While there are good reasons to have "literal" translations like the ESV, it is interesting that in this case, the NLT more clearly communicates the meaning of the sentence by being less "literal."

The picture: John 3:21, from the fourth-century manuscript Codex Sinaiticus. You can see that the scribe accidentally skipped most of verse 21, but the corrector added it into the margin.

Saturday, April 9, 2011

Greek Scholars Rule?

He is a very amiable good fellow, but he is a Greek scholar and naturally a little eccentric.

– George Bernard Shaw, Major Barbara

Friday, April 8, 2011

Greek Scholars Rule!

Greek scholars are privileged men. Few of them know Greek; and none of them know anything else; but their position is unchallengeable.

– George Bernard Shaw, Major Barbara

Erasmus on Interpretation

It's the generally accepted privilege of theologians to stretch the heavens, that is the Scriptures, like tanners with a hide.
– Erasmus

Tuesday, March 29, 2011

Review of Bell's Book

Darrel Bock is going through a chapter-by-chapter review of Rob Bell's new book, Love Wins at his blog. Bock is a top-notch scholar of the Gospels, and writes some civil and fair comments about the pros and cons of each chapter of Bell's book.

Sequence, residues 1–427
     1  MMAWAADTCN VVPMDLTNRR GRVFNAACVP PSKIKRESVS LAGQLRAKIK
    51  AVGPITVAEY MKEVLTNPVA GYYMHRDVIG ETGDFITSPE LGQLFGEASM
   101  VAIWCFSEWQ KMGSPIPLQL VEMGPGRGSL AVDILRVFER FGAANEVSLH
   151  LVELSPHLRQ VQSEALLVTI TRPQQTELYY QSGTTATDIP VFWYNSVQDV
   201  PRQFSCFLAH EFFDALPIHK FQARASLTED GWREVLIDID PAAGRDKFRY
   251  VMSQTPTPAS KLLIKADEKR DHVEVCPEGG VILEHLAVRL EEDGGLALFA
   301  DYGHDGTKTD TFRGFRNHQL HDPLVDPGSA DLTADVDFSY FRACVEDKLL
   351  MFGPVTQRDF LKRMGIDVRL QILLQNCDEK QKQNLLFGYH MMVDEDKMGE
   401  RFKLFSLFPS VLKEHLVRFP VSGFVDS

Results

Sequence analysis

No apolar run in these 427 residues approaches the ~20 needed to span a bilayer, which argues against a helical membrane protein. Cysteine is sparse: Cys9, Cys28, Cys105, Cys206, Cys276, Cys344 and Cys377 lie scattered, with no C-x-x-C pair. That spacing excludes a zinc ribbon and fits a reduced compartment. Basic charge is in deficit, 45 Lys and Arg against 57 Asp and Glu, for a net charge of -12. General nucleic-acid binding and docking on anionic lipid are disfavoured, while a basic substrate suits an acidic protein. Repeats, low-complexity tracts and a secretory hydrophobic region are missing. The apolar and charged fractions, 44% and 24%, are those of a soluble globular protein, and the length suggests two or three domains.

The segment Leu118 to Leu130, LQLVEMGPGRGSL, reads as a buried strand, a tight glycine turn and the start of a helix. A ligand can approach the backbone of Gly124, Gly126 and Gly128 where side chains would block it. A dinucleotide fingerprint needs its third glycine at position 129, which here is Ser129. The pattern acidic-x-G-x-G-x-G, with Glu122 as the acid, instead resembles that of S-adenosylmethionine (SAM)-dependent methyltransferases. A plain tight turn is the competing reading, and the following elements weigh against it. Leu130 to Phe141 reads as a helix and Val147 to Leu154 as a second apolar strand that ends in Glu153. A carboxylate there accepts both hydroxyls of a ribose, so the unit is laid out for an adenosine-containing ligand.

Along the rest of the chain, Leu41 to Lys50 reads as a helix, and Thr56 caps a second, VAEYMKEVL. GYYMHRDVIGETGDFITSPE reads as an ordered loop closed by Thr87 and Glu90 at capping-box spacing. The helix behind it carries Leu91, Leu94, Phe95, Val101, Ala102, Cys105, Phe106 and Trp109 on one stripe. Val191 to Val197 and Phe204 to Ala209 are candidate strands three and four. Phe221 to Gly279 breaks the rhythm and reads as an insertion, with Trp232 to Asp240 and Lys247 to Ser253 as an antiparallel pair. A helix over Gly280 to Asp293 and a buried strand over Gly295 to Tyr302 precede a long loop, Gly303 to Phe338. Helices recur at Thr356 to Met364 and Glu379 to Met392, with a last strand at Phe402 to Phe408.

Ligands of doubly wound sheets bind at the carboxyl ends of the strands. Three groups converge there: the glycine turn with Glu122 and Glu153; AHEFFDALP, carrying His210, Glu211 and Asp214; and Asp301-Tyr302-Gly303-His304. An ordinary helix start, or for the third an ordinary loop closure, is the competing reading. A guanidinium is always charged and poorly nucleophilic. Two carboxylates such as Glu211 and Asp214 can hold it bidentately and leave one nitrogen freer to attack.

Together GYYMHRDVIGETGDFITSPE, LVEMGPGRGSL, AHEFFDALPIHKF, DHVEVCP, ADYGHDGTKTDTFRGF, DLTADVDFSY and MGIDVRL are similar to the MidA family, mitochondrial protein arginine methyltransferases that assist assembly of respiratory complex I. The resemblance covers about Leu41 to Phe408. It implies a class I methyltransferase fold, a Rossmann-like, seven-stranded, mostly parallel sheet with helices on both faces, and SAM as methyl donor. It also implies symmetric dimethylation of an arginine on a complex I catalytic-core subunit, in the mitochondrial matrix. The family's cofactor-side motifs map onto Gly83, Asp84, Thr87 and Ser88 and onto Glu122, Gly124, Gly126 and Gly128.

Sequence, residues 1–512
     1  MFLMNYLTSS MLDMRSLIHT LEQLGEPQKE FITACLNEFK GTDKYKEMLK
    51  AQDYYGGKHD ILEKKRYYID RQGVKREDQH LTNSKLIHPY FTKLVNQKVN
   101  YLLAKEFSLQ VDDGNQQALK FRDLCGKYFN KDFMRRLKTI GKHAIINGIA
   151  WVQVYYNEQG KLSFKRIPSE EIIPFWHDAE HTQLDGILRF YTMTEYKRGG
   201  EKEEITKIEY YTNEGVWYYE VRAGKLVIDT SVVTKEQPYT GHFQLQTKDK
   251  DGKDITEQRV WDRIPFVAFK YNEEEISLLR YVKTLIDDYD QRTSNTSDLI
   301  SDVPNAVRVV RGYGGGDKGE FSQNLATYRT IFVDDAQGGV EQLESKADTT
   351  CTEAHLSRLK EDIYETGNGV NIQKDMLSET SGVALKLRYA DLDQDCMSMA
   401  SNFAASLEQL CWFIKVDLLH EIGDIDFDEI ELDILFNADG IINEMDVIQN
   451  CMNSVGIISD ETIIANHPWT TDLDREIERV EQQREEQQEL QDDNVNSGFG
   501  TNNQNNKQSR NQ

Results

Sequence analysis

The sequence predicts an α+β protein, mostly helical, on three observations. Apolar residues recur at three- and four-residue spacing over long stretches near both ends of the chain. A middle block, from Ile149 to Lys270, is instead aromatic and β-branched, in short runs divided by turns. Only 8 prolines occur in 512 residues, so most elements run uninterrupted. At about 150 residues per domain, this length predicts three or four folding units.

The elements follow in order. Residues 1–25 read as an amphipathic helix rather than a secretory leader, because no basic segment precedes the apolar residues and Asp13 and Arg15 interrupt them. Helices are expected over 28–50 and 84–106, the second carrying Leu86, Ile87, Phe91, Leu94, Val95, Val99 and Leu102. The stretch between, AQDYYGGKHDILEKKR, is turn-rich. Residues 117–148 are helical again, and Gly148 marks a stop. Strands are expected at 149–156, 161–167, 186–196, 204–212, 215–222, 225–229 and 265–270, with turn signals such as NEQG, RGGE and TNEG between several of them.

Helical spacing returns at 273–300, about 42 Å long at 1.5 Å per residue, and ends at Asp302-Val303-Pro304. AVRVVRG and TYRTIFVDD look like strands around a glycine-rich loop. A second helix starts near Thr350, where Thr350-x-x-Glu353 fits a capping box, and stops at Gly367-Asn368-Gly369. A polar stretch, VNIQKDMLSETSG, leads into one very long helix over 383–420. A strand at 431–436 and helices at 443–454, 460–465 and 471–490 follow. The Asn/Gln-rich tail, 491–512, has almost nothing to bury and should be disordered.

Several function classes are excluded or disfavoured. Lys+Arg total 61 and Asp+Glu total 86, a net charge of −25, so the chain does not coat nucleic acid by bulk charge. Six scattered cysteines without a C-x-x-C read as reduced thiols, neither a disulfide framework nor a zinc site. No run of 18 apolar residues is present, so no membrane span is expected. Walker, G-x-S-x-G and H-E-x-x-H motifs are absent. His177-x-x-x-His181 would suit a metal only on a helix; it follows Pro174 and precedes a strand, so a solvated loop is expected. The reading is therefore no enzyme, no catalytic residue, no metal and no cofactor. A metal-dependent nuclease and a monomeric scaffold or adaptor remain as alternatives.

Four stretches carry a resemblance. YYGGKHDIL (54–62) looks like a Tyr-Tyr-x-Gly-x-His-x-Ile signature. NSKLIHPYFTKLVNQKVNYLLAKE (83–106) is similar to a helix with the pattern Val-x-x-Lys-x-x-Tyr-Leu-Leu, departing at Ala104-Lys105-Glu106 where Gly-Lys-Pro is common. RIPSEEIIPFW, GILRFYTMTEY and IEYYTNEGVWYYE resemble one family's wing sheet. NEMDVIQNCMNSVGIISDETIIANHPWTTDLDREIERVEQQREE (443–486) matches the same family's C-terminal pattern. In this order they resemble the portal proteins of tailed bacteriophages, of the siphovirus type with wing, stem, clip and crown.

Tuesday, March 22, 2011

Are You Hungry? Blessings on the Hungry and Meek (Matthew 5:5-6)

Here's a sermon on two of Jesus' beatitudes, preached in August 2006 at Hope Chapel West Oahu.

The picture: Jesus' triumphal entry (on a donkey rather than a warhorse). Giotto di Bondone, 1308.

Monday, March 21, 2011

Monday, March 14, 2011

Soldiers in the Gospels

When I teach or preach from the Gospels, I always bring in relevant aspects of the historical and cultural background. Including such details not only helps us in our interpretation of the scene, but also helps us retell the story well – an essential part of preaching from narrative passages.

Several passages in the Gospels involve soldiers. Movies about Jesus, and most sermons about Jesus, portray all of these soldiers as Romans. We sometimes get the idea that there were centurions on every street corner. But is this the case? I have pulled together some of the information that we have about soldiers in Judea and Galilee in the first century, and included a few comments about each scene in the Gospels involving soldiers.

Herod the Great: During Herod’s rise to power, his personal army consisted of Jews as well as bands of foreign mercenaries. Rome also loaned Herod the use of three legions to help him expel the Parthian invaders and their puppet king, the Hasmonean prince Antigonus. But by the time of Jesus’ birth, Herod had no Roman troops; he still had a sizable Jewish army, as well as one cohort each of German, Thracian, and Gallic mercenaries. Herod continued to use some Roman advisors or officers.

Herod Antipas, tetrarch of Galilee: Herod Antipas also had his own army. Although details are sketchy, his soldiers were likely Jews and Gentile mercenaries, like his father’s army.